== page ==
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Summit to counter quackery, pseudoscience and fake news in healthcarehttp://www.sun.ac.za/english/Lists/news/DispForm.aspx?ID=5088Summit to counter quackery, pseudoscience and fake news in healthcareFMHS Marketing & Communications / FGGW Bemarking & Kommunikasie<p>​The dangers of pseudoscience and quackery in healthcare will come under scrutiny later this year at a ground-breaking international summit in Stellenbosch, South Africa. Numerous high-profile health and science communication experts will gather at the International Summit on Quackery and Pseudoscience to explore how science communication efforts by the media, scientists, health regulators and governments can counter the impact of pseudoscience and advance the use of evidence-based healthcare practices.</p><p>The summit will be held from 20-21 November at Stellenbosch University (SU). It will be jointly hosted by the Centre for Evidence-based Health Care (CEBHC) of the Faculty of Medicine and Health Sciences (FMHS), and the Centre for Science and Technology Mass Communication (CENSCOM) of the postgraduate Department of Journalism at SU.</p><p>“Snake oil salesmen, charlatans and con-artists have long been known to prey on vulnerable people with health problems. People desperate for a cure for or relief from a dreaded disease, a weight problem or the effects of ageing are easy targets, often willing to fork out large sums of money for any remedy offering some hope. The sad reality is that these treatments frequently turn out to be useless or even harmful," says Prof Jimmy Volmink, Dean of the FMHS.</p><p>“The summit is an effort to push back against these exploitative practices, the pernicious impact of which is being amplified through the internet and social media. It will not only highlight the threat of pseudoscience to the wellbeing of society, but will also offer effective tools to help people assess healthcare claims and make sound choices," he adds.</p><p>According to CEBHC director Prof Taryn Young, this summit “will bring researchers and journalists together to emphasise their joint responsibility for ethical and evidence-informed health reporting to better serve the interests of the public".</p><p>“The media play a crucial role in communicating health research and other messages to the public. They can influence people's perceptions about the safety and efficacy of health practices, and when the media relay pseudoscientific and unreliable messages, it can be harmful to people's health," Young emphasises.</p><p>“Our vulnerability to step in the trap prepared by reckless and unscrupulous marketers of quasi-scientific health products knows no bounds," says CENSCOM director Prof George Claassen. “This is enhanced by celebrities who spread disinformation about fake science, which often has a devastating influence on the wellbeing of the public." He points out that newspapers, the internet, social media and broadcast channels bristle with dubious statements by so-called quacks who make money because their victims are often ignorant or simply too naïve to distinguish truth from lies.</p><p>“We hope that the summit will lead to a much-needed change, enlightening the public and all the role players in the science communication process about the dangers of quackery. To quote the eminent South African born UK developmental biologist Lewis Wolpert: 'Science provides the most reliable method by far to determine whether one's beliefs are valid.' The summit aims to re-emphasise the value of sound science communication and evidence-based healthcare," says Claassen.</p><p>In 1995, he developed and established the first science communication course in Africa at SU's Department of Journalism. Claassen is a former science editor of the Cape Town daily newspaper, <em>Die Burger</em>. He elaborates about the reasons for organising the summit: “Ignorant, uninformed or merely poorly informed people often make decisions that are harmful to their health, their interpersonal relationships, their financial affairs and how they should spend their money, and what the future holds in store for them. Unfortunately, this often takes place through dubious information and pseudo-knowledge, obtained from quacks, tricksters and swindlers who too regularly have a free pass in the media to propound their unscientific claims as if it were the truth. It is as if a 'post-truth' has fully dawned in the field of healthcare, with anyone's claims to truth being accepted. The most recent iniquitous examples are the anti-vaccination campaign, and faith healers telling HIV-positive people to throw away their medicine."</p><p>According to Claassen, the summit hopes to create an awareness among the public how to recognise fake news that is not based on any trace of evidence and is spread by charlatans and scam artists to sell their “health" products. “And who, when confronted and their practices exposed, often turn to the courts to silence scientists and science journalists acting in the interest of the public," he emphasises, referring to various cases, also in South Africa, where evidence-based health practitioners and journalists were and are still being threatened with legal action if they don't keep quiet. The most famous of these cases is probably that of the British Chiropractic Association against the scientist and award-winning author Simon Singh in 2009. Singh won the case after thousands of scientists signed a petition to support him and the case led to an amendment of British defamation laws. Singh will take part in the summit in a Q&A session with the theme “Sense about science: Why evidence matters". </p><p>The CEBHC's mission is to advance evidence-informed healthcare in Africa and globally. “A key pillar of our centre's work is supporting the use of current best evidence in healthcare policy and practice, and the media are key intermediaries in bridging the gap between research and the public. If well-informed journalists work together with researchers, they can elevate good practice in health reporting that is informed by a solid understanding of best evidence and its value in ethical health journalism," says Young.</p><p>The summit will host scientists from the fields of communication, medicine, healthcare and the law, as well as other areas over which quackery and pseudoscience has cast its shadow of ignorance and misleading claims. Besides Singh, award-winning author of <em>Fermat's Last Theorem </em>and <em>Trick or Treatment: Alternative Medicine on Trial </em>(with co-author Edzard Ernst), some of the other speakers will include the project director of the UK's Good Thinking Foundation, Michael Marshall; Jacques Rousseau, co-author of <em>Critical Thinking and Pseudoscience – Why We Can't Trust Our Brains</em>; Tom Zeller, award-winning journalist, formerly of <em>The New York Times</em> and now executive editor of the digital science magazine <em>Undark </em>at the Knight Science Journalism programme of the Massachusetts Institute of Technology; Nathan Geffen, editor of GroundUp and author of <em>Debunking Illusions</em>; Dr Harris Steinman, publisher and editor of CAMcheck and nemesis of many a quack in South Africa; Prof Anusuya Chinsamy-Turan, vertebrate paleontologist and science communication award-winning author from the University of Cape Town; Prof Keymanthri Moodley, Director: Centre for Medical Ethics and Law at SU and editor of <em>Medical Ethics, Law and Human Rights</em>; multiple award-winning science journalists and authors Mia Malan, Elsabé Brits, Daryl Ilbury and Marina Joubert; Janusz Luterek, legal expert on food science and technology; and Prof Roy Jobson, pharmacologist and health regulatory expert.</p><p>The summit's sessions will focus on the following themes:</p><ul style="list-style-type:disc;"><li>The rise and dangers of pseudoscience and science denialism: Communicating uncertainty in science</li><li>Health regulation, science in court and other protection mechanisms: Are consumers left in the cold? </li><li>The media and pseudoscience: Reflecting science through a 'dirty mirror'?</li><li>Sense about science: Why evidence matters</li><li>Is quackery harmless? Exploiting the desperately ill, the vulnerable and the ignorant</li><li>Communicating accurate science: Why scientists should leave the laboratory and engage the public</li></ul><p style="text-align:justify;"> </p><p style="text-align:left;">Information about the summit can be obtained from Claassen at <a href="mailto:gnclaassen@sun.ac.za"><span style="text-decoration:underline;">gnclaassen@sun.ac.za</span></a> or <a href="mailto:censcom@sun.ac.za"><span style="text-decoration:underline;">censcom@sun.ac.za</span></a>, +27218513232 or +27835432471.</p><p style="text-align:justify;">● To register for the summit, please click <a href="https://goo.gl/forms/jUSCkf8OOC9gQjT03"><span style="text-decoration:underline;">here</span></a></p><p style="text-align:justify;">● The preliminary programme can be found <a href="http://www.censcom.com/index.php/conferences/conference-program"><span style="text-decoration:underline;">here</span></a></p>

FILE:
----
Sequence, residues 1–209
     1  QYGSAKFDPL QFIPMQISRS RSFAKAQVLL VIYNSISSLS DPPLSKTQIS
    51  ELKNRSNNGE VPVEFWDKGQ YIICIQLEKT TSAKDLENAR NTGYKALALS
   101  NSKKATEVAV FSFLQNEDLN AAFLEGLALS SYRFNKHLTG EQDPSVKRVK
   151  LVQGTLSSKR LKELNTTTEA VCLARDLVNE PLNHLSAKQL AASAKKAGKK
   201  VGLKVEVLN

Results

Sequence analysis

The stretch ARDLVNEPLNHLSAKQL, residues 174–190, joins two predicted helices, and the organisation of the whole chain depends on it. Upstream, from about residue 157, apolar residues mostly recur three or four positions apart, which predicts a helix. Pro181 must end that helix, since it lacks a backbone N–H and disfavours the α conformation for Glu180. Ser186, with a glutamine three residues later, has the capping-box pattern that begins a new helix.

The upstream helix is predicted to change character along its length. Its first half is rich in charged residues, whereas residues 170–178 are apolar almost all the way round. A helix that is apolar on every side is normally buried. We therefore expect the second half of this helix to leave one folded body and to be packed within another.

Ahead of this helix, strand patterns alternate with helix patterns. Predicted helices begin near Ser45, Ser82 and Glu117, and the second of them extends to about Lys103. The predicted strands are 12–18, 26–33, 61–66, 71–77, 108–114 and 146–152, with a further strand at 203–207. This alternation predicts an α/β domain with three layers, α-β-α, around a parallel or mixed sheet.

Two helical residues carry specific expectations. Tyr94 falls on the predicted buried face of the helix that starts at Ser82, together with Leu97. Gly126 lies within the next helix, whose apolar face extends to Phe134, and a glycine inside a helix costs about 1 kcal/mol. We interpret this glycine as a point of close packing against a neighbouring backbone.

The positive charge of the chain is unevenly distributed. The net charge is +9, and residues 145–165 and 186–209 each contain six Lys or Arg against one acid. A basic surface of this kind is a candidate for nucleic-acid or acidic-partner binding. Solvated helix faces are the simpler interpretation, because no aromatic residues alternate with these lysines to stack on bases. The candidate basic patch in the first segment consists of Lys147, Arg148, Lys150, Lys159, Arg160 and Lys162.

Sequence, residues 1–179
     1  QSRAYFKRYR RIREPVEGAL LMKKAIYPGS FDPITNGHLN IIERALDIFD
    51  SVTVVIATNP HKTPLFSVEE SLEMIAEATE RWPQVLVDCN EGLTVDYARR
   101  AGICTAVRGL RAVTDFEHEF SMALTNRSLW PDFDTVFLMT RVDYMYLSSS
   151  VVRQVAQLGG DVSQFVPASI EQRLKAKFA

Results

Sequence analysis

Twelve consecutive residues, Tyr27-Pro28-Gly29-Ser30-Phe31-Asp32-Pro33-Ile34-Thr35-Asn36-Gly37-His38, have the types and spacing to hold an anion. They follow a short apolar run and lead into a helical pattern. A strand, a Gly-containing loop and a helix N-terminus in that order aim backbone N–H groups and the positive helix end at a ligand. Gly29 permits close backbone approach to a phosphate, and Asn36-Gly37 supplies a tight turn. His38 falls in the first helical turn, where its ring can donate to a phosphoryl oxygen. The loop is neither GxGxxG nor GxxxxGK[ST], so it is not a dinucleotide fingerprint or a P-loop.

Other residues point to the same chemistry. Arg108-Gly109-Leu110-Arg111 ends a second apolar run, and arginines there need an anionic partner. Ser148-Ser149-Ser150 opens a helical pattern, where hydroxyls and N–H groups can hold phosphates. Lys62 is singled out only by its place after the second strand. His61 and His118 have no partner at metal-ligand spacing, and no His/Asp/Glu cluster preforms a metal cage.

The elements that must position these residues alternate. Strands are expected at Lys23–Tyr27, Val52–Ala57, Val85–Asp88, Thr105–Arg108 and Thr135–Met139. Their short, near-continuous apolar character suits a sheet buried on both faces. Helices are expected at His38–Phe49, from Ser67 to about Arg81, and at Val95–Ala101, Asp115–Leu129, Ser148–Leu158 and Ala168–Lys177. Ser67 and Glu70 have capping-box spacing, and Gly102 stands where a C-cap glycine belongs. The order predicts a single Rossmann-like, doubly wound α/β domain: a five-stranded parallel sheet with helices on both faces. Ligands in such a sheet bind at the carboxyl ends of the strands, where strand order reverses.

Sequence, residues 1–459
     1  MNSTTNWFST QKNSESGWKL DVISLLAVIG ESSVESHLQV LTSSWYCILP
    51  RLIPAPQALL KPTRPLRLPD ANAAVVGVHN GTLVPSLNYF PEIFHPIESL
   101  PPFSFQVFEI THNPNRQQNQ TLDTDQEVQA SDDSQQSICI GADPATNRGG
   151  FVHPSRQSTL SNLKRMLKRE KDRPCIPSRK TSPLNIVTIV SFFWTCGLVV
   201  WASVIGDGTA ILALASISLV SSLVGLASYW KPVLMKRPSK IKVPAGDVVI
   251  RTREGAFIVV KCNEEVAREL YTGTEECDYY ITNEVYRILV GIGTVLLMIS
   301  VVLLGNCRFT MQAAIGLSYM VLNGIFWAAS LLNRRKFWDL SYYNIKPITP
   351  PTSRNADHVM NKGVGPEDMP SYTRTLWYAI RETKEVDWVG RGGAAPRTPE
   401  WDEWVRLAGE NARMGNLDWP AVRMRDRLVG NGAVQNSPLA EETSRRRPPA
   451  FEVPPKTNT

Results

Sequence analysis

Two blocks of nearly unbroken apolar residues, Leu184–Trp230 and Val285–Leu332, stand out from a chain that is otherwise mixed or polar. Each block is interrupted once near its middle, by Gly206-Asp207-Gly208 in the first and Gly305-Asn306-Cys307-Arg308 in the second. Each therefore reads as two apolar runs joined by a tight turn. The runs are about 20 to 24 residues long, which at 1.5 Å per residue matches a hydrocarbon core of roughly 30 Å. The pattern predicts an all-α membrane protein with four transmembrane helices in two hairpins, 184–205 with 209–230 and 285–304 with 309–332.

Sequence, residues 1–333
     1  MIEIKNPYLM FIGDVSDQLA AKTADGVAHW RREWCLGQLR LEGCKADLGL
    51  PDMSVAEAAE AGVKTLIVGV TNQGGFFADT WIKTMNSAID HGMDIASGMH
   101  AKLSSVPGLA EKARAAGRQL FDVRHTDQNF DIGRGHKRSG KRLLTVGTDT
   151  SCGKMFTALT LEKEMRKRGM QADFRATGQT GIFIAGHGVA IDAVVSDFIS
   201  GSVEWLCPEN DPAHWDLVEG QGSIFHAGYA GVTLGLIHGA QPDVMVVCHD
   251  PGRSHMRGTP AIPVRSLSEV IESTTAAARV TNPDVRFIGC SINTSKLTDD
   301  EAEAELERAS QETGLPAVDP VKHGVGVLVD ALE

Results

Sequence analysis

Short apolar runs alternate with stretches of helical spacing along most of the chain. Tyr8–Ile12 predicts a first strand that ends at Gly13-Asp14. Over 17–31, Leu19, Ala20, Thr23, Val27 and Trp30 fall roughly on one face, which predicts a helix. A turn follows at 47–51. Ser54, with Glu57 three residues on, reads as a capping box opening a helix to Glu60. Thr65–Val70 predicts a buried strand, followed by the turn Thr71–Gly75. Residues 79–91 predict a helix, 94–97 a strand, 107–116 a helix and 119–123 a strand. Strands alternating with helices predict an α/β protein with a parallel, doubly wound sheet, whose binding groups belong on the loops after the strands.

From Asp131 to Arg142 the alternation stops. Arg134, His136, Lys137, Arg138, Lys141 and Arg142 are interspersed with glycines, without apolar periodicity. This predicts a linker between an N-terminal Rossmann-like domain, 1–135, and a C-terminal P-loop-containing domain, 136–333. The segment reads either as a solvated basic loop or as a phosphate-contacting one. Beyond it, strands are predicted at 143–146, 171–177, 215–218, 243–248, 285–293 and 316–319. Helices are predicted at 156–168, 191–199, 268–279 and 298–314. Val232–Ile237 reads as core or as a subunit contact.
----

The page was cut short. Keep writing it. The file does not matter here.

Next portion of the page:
#WomenofSU: A champion for evidence-based healthcarehttp://www.sun.ac.za/english/Lists/news/DispForm.aspx?ID=5082#WomenofSU: A champion for evidence-based healthcareJorisna Bonthuys<p>​Medical students who are trained in evidence-based healthcare (EBHC), are better equipped to provide quality care to patients.</p><p>“Evidence-based healthcare involves integrating clinical expertise acquired through clinical practice and experience with patient values and current best evidence within the broader healthcare context," explains Prof Taryn Young. She is the Head of the Centre for Evidence-based Healthcare at the University of Stellenbosch's Faculty of Medicine and Health Sciences.</p><p>She describes EBHC as “an approach that develops a health practitioner's ability to assess the quality of research evidence before applying it to day-to-day clinical problems". This competency is especially relevant given the resource constraints across the continent.</p><p><strong>The best answers</strong></p><p>Young, who holds a PhD on this subject, believes this approach adds “tremendous value" to the development of health professionals. She explains: “EBHC is about ensuring that whatever kind of treatment or care is offered, will be based on best research evidence. This is the case whether a choice has to be made about which medication to prescribe or whether decisions have to be taken about preventative strategies at a population level.</p><p>“This approach equips students with the relevant tools to be able to find the best answers. Essentially, EBHC involves assessing new research and then integrating it into practice.</p><p>“EBHC starts from a position where health practitioners acknowledge that they don't know everything. The fact that you graduate does not mean that you always know what best practice is, especially not at the rate that science is currently advancing."</p><p>Young has investigated how this approach to teaching and learning can best be integrated in undergraduate medical training in the Faculty, as well as elsewhere in Africa. Her research also focused on how the learning experience of undergraduate medical students can best be supported to enable them to follow an evidence-based approach when they start practicing.</p><p>“EBHC should therefore be at the core of the curriculum of all healthcare professionals to enhance students' knowledge, attitude and skills. It is beneficial to the entire healthcare team, allowing for a more holistic, effective approach to the delivery of healthcare." </p><p>This approach is especially useful given the need for healthcare professionals to keep abreast of new developments in order to offer care that works. They also need to be able to eliminate harmful or ineffective interventions.</p><p><strong>Good versus bad science</strong></p><p>“Health practitioners need to keep abreast of new scientific evidence and be able to sift through what is good science and what is not. Graduates must be able to track down relevant papers and engage with it critically. These are the kind of skills we want to cultivate in our graduates and healthcare practitioners," Young explains.</p><p>Her overview of systematic reviews assessing the effects of teaching EBHC indicated that clinically integrated strategies with assessment were more effective than single interventions or no interventions at all. “A combination of methods, including lectures, computer laboratory sessions, discussions in small groups, journal clubs, the use of real clinical issues, as well as portfolios and assignments, are more likely to improve knowledge, skills and attitudes."</p><p>She also conducted studies to determine the opportunities for, and barriers to, implementing this approach at the Faculty. This included a curriculum document review, interviews with academic convenors as well as a survey of recent graduates' perceptions and experiences.</p><p><strong>Overcoming barriers</strong></p><p>Some of the barriers to implementing EBHC learning at an undergraduate level include the clinical workload and competing priorities of students and lecturers. “The most common challenges by far for teaching EBHC are the perceived lack of space in the curriculum, misconceptions about EBHC, the resistance of staff, the lack of confidence of tutors, time constraints, as well as negative role‑modelling."</p><p>Her results indicate that EBHC can best be learnt when integrated in clinical practice. Young explains: “It helps to base teaching on real clinical decisions and actions and to focus on students' actual learning needs.</p><p>“EBHC should be part of the curriculum and there needs to be a clear scaffolding of learning. The foundation should be laid in the preclinical years and consolidated in the clinical years."</p><p>Young believes it is important for students to recognise the relevance of EBHC and link it with clinical realities. She explains: “We often tell students that they should be able to be good users of research. They should be able to look at research evidence, question it and use it. We want them to know what to do when they are faced with uncertainty when practicing medicine. The relevance of EBHC cuts across all disciplines, regardless of where you work."</p><p>According to Young the Faculty is in many ways at the forefront of implementing this approach at an undergraduate level. “Many institutions involved in medical training worldwide are grappling with ways to successfully implement this approach in their curricula. A lot of interest has been expressed in the work done at the Faculty in this regard, including from tertiary institutions in Namibia, Uganda, Ethiopia and Rwanda."</p><p>Young says implementing such a curriculum requires institutional support, a critical mass of the right teachers and role models in the clinical setting, and especially patience, persistence and pragmatism.</p><p>“Like their stethoscopes, EBHC should become a useful tool for students."</p><p><em>Caption: Prof Taryn Young.</em></p><p><em>Photo: Damien Schumann</em></p>